Men of the strongest minds were lost in amazement, when they contemplated this scene of woe and desolation; the weak and the credulous became the dupes of their own fears and imaginations. Tales the most improbable, and predictions the most terrific, were circulated. Numbers assembled at different cemeteries to behold the ghosts of the dead walk round the pit in which their bodies had been deposited ; and crowds believed that they saw in the heavens a sword of flame, stretching from Westminster to the Tower. To add to their terrors, came the fanatics, who felt themselves inspired to act the part of prophets. One of these walked through the city, in a state of nudity, having on his head a pan of burning coals, and denouncing the judgment of God on the sinful inhabitants. Another, assuming the character of Jonah, proclaimed aloud, as he passed, “ Yet forty days, and London shall be destroyed !” And a third might be met, sometimes by day, sometimes by night, advancing with a hurried step, and exclaiming with a deep and sepulchral voice, “ Oh! the great and dreadful God!”

“ One time,” says Defoe, in his narrative of this terrible calamity, “ seeing a crowd of people in the street, I joined with them to satisfy my curiosity, and found them all staring up into the air to see what a woman told them appeared plain to her, which was an angel clothed in white, with a fiery sword in his hand, waving or brandishing it over his head. She described every part of the figure to the life, showed them the motion and the form, and the poor people came into it so eagerly, and with so much readiness ! · Yes, I see it all plainly,' says one; there 's the sword as plain as


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can be !' Another saw the angel. One saw his very face, and cried out, “What a glorious creature he was !' One saw one thing, and one another. I looked as earnestly as the rest, but, perhaps, not with so much willingness to be imposed upon ; and I said, indeed, that I could see but a white cloud, bright on one side by the shining of the sun on the other part. The woman endeavoured to show it me, but could not make me confess. She turned to me, called me a profane fel. low and a scoffer; told me that it was a time of God's anger, and dreadful judgments were approaching, and that despisers, such as I, should wonder and perish. The people about her seemed disgusted as well as she, and I found there was no persuading them that I did not laugh at them, and that I should be rather mobbed by them than be able to undeceive them. So I left them, and this appearance passed for as real as the blazing star itself." *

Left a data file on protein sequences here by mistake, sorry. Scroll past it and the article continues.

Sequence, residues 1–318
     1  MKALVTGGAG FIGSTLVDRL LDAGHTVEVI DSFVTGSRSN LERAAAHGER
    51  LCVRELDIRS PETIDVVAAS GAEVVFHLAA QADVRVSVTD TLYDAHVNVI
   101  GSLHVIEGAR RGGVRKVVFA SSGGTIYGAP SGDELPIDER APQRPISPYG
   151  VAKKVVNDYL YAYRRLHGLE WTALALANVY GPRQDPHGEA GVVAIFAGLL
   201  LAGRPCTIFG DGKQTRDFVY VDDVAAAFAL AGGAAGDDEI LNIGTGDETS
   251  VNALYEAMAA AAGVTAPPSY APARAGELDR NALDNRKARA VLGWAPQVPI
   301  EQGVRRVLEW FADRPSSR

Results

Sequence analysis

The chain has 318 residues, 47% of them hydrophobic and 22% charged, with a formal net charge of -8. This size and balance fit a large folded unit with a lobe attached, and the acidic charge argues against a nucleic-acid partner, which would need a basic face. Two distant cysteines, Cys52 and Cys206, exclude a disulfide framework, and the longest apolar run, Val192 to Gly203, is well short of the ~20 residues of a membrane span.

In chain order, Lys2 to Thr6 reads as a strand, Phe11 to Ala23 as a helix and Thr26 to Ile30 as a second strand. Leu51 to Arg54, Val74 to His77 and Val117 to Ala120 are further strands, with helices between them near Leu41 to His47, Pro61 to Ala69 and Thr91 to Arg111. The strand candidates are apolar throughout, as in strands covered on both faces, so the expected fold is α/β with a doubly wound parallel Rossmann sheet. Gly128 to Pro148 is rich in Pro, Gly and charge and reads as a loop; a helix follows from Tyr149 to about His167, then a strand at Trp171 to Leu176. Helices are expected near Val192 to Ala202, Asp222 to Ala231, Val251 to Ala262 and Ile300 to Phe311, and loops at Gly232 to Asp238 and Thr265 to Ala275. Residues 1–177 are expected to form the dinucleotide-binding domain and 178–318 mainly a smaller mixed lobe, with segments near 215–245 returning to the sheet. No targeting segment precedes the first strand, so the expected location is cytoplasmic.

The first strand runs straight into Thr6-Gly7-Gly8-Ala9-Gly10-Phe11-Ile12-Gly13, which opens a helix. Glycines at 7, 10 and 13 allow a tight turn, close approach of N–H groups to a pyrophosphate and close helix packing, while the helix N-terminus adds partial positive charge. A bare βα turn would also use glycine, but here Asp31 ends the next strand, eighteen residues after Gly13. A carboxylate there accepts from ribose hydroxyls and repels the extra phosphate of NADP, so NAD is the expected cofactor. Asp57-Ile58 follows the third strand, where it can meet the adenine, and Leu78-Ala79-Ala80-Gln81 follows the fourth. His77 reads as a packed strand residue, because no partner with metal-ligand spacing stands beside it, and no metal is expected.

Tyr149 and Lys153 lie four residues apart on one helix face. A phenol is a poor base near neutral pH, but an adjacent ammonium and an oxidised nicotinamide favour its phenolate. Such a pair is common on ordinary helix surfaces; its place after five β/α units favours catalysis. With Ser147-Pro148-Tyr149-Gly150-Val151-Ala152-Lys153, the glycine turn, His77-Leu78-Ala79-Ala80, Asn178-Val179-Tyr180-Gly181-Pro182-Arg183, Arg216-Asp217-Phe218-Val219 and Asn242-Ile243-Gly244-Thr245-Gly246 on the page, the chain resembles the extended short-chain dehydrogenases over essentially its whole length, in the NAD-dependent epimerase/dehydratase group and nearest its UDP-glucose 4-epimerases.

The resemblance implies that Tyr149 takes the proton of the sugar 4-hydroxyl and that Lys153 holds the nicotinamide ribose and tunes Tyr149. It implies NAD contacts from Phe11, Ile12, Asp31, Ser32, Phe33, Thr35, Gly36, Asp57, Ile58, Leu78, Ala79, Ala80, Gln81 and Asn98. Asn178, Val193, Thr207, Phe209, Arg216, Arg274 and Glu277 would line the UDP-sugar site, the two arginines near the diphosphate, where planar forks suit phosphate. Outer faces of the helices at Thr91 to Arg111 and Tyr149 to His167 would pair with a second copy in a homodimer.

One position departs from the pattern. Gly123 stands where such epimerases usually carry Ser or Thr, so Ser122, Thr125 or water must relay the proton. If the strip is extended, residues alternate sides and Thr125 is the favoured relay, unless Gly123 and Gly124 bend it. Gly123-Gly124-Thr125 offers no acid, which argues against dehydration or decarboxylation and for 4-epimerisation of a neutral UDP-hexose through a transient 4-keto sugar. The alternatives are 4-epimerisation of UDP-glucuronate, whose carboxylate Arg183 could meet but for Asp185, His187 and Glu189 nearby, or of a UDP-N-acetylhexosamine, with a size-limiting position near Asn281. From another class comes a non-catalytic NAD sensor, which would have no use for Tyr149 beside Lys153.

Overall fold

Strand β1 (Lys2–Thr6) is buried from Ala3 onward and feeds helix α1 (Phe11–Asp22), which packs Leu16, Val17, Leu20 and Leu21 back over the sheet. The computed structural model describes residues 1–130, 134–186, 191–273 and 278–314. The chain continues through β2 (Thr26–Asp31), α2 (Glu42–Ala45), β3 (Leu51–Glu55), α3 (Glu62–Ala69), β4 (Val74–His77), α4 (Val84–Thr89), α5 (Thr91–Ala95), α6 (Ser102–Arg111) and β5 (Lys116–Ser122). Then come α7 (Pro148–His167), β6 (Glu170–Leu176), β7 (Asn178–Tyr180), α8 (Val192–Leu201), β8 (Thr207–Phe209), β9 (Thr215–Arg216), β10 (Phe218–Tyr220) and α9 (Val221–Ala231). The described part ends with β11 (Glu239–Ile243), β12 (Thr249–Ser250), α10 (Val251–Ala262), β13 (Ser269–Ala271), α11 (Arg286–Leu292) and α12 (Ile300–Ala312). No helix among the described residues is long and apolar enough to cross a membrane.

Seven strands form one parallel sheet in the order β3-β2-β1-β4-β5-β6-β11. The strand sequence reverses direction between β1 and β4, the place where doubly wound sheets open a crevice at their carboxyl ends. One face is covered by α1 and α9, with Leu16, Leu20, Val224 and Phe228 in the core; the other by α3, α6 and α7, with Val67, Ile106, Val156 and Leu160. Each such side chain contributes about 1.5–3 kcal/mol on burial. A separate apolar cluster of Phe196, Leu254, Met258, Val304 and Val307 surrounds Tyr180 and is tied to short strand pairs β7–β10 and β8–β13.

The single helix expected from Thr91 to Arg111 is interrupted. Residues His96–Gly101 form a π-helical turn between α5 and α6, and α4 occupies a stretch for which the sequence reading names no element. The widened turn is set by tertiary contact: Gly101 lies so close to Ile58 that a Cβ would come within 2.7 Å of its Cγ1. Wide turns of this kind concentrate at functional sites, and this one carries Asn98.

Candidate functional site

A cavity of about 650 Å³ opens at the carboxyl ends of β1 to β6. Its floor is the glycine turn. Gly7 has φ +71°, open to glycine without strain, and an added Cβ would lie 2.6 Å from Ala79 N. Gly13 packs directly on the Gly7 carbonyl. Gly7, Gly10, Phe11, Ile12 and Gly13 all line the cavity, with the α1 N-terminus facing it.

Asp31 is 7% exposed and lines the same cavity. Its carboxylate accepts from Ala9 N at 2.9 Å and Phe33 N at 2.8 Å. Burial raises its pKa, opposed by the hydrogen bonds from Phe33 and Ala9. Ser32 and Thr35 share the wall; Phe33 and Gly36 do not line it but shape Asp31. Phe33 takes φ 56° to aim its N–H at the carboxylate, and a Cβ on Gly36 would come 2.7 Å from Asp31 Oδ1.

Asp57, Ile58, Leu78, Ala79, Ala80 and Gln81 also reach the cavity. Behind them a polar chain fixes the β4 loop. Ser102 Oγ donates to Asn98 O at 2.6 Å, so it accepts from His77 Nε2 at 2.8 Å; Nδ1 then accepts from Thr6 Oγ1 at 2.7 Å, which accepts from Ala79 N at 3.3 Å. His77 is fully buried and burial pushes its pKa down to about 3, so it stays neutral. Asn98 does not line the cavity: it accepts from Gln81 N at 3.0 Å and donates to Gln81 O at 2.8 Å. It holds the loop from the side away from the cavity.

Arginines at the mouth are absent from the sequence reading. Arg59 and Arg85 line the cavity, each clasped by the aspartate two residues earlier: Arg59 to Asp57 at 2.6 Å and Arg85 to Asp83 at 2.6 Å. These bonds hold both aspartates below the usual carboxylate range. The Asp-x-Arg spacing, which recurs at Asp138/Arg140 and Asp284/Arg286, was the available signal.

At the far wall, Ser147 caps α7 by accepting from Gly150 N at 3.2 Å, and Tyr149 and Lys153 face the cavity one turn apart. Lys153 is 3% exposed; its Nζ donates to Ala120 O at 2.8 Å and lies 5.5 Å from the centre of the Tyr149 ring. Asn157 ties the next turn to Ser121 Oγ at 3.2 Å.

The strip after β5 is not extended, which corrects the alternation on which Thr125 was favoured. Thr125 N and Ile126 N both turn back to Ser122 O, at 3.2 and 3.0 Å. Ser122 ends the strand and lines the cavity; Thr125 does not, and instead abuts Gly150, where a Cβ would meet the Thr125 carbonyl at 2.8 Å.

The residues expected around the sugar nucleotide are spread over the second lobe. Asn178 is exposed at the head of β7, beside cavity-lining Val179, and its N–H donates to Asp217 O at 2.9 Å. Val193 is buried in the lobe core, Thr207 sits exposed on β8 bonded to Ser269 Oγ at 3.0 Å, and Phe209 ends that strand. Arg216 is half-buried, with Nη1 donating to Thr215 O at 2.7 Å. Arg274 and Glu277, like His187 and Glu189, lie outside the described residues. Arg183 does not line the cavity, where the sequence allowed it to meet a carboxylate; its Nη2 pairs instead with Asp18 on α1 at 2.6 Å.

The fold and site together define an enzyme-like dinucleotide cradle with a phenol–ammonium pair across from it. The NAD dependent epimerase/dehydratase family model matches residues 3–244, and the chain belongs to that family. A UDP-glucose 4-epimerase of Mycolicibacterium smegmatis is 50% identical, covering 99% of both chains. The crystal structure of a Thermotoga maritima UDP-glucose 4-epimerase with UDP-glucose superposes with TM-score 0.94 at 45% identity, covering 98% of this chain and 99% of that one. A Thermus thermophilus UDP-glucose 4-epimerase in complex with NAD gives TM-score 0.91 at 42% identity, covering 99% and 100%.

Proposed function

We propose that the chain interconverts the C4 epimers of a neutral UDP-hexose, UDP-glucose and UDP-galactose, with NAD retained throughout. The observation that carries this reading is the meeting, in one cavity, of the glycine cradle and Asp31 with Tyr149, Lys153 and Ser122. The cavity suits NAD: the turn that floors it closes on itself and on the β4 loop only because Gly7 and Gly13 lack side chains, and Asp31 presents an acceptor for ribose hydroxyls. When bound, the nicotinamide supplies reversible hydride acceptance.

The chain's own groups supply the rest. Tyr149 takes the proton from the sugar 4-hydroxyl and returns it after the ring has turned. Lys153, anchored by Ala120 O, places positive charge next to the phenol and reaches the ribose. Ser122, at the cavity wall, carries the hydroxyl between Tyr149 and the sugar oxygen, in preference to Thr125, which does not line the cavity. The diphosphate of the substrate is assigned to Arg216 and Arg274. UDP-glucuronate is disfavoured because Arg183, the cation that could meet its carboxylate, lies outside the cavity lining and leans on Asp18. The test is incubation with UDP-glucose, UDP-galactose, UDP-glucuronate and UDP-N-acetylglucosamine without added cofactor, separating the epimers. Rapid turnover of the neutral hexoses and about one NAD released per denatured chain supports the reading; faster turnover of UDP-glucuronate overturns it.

During the months of July and August, the weather was sultry, the heat more and more oppressive. The eastern parishes, which at first had been spared, became the chief seat of the pestilence; and the more substantial citizens, who had hitherto escaped, suffered in common with their less opulent neighbours. In many places the regulations of the magistrates could no longer be enforced. The nights did not suffice for the burial of the dead, who were now borne in coffins to their

* It is proper to inform the reader, that Defoe was a small child at the time of this event, and that his own share in the adventures which make his narrative of the plague so interesting is only invention. Yet he is allowed by every one to have described all the scenes exhibited by this terrible visitation with wonderful accuracy. - The “blazing star which appeared about this time and increased the terror of the people.